Have you ever gone to your doctor’s office and thought, “I have several questions I want to ask” and then gone home and realized you forgot to ask them? This happens to many people for multiple reasons. You may feel anxious during your appointment. You may feel uncomfortable asking a question. Or you may feel overwhelmed, answering so many questions about your health that you may simply forget the questions you wanted to ask. Whatever your reason is, here is what you can do to better self-advocate at your next appointment.
Prepare to Answer Basic Questions First
Knowing what to expect up front can help alleviate some anxieties. So, this is the basic process to expect during a doctor’s visit.
- In today’s world, you’ll start with COVID-19 questions, insurance information, emergency contacts and verifying your address.
- You’ll go to the scale. This part always makes me nervous because I don’t want to look.
- Your vitals are taken—blood pressure, temperature and pulse.
- You’ll review your medications and how you take them. It’s very important that you also share information on vitamins, natural supplements and any over-the-counter items you take. This helps your doctor make sure nothing interacts.
It’s a lot to go through, and all of this can occur before you get to the reason for your visit. While it may feel overwhelming now, there are steps you can take to be more confident and get the most out of your visit.
You & Your Doctor Are a Team
You both have a common goal—to take care of your health. To achieve that goal, you have to work together. This starts with being honest and sharing information with your healthcare provider. By being forthcoming, it helps them examine, diagnose and treat the problem. If you feel too uncomfortable sharing information, the doctor can’t do their job, let alone offer you optimal care.
Here’s what to do to avoid “losing your voice” when the white coat walks into the room:
- Prepare a list of questions before your visit. Write them down and bring that list with you to the doctor’s office. Having that list to reference will make sure you get all of your questions answered.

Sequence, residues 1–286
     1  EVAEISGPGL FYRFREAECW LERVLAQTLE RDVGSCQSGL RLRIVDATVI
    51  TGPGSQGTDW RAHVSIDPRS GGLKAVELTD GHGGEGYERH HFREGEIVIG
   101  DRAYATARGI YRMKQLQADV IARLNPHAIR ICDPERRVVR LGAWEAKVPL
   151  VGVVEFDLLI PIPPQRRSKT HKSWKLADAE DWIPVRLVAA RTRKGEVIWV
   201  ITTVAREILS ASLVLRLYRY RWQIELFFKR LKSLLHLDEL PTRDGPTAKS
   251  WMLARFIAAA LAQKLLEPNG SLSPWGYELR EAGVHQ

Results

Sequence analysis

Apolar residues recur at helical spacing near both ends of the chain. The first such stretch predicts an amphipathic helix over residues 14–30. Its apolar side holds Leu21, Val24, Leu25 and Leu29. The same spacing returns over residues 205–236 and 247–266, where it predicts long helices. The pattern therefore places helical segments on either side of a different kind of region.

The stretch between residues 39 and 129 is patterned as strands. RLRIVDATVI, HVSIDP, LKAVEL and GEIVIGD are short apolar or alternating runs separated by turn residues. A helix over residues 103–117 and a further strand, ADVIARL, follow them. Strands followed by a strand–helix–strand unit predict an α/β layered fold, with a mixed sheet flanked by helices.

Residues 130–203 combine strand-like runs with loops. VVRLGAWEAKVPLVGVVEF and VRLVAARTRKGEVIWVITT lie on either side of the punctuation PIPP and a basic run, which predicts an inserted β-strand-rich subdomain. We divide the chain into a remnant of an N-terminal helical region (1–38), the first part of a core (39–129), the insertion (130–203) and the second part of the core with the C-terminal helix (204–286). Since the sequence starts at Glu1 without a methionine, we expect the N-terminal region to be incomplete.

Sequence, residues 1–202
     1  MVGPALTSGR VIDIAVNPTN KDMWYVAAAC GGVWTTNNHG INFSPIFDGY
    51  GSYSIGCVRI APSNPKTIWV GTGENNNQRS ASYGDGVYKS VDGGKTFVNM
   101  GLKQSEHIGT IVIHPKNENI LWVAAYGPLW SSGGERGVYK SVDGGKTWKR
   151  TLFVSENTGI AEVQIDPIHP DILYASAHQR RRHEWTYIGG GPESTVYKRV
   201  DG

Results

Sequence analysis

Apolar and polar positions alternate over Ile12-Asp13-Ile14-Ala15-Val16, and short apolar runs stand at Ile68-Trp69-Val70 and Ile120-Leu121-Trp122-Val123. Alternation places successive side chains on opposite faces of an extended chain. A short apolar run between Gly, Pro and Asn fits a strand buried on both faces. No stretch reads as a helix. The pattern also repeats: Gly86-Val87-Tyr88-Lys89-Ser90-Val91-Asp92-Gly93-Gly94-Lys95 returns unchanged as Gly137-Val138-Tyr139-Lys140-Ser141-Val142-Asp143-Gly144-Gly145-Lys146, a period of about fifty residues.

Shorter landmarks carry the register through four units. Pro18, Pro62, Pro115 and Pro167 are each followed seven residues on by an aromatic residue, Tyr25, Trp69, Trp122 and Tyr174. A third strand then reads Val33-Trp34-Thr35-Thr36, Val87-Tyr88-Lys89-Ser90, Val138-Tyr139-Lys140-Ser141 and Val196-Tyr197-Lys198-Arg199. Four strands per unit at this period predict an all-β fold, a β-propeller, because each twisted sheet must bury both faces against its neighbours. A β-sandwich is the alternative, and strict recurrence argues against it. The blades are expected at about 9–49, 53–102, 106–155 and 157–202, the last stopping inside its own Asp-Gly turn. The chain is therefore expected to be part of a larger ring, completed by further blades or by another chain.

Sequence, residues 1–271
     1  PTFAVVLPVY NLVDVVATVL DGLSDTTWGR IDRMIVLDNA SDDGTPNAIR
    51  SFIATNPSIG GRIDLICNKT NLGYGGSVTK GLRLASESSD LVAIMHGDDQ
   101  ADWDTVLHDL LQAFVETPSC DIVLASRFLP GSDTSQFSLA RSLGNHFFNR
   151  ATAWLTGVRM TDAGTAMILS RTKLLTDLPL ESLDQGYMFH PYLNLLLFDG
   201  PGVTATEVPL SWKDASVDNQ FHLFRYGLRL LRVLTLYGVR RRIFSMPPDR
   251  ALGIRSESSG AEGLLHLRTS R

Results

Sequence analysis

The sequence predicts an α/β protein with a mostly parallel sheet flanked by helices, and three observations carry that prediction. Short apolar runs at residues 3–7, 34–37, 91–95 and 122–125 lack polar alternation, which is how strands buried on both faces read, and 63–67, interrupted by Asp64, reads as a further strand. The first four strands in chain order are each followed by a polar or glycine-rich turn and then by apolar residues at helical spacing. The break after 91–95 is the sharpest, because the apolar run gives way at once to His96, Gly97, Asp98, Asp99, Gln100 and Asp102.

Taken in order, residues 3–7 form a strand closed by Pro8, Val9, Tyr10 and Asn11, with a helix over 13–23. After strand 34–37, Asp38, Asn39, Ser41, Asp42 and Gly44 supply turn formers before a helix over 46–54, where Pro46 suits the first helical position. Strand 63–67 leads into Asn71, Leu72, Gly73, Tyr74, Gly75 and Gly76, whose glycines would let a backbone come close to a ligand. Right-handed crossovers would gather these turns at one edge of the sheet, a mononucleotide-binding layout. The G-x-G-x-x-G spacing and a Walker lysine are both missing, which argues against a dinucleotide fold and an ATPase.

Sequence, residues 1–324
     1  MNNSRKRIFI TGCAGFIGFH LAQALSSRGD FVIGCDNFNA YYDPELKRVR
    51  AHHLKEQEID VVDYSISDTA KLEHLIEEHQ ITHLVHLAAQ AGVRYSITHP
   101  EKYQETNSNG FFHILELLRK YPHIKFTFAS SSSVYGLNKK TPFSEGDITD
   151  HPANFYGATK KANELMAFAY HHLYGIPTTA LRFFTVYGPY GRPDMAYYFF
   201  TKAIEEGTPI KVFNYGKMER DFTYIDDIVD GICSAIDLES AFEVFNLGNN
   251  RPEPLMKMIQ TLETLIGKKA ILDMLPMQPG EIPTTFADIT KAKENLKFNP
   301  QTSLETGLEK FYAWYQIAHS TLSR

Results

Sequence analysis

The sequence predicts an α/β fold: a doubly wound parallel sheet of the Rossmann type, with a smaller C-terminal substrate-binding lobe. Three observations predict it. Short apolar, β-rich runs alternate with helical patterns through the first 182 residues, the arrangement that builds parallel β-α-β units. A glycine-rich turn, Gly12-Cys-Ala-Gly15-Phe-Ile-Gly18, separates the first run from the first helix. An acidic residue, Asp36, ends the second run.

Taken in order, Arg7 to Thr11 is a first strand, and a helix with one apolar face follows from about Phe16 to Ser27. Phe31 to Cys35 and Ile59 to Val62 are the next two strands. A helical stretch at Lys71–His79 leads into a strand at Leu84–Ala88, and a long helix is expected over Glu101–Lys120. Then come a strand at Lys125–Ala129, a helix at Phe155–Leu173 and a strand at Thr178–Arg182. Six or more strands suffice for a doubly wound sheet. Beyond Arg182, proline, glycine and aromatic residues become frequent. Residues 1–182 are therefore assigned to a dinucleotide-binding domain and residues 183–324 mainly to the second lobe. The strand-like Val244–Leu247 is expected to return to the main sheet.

- Bring a friend or family member with you if you know you’re going to be overwhelmed. They can help you listen and ask the questions. Having a support person with you can be very comforting during a doctor’s visit.
- Be patient while the receptionist and nurse ask you questions. Your answers will be passed along to the doctor. This information also helps correctly pay for your bill so you don’t have to worry about it later.
- Write down the information you receive during the appointment. You can bring a notepad or use the notes app on your phone. Taking notes will help you remember everything that was said during the visit, including instructions for a treatment plan.
- Call back or send a message through your patient portal if you have questions after your visit. We want you to follow your care plan, so we’re happy to clear up any confusion. You can only follow our recommendations if you fully understand what we suggested.
These tips will help to make you feel empowered the next time you step into a doctor’s office. After all, you are your best advocate! If you or someone you know could benefit from a professional consultation, take our free, confidential mental health screening online from the comfort of your home today.
Stacy Waldron, PhD
Licensed Psychologist, Bryan Medical Center Counseling Center
Dr. Stacy Waldron provides treatment for individuals of all ages across the lifespan and specializes with adolescents and adults. She offers individual and family therapy to help clients with stress, anxiety, mood disorders, life transitions and chronic pain. This includes helping individuals with stress management, assertiveness training, communication and problem solving skills as well as relaxation training. She also provides psychological assessments that include bariatric surgery evaluations, spine surgery, and spinal cord stimulator evaluations.
Waldron earned her doctorate in counseling psychology from the University of Southern California in Los Angeles. She serves on the Board of Psychology for the State of Nebraska, the Board of Directors for the Midwest Pain Society, and the Association of State and Provincial Psychology Boards.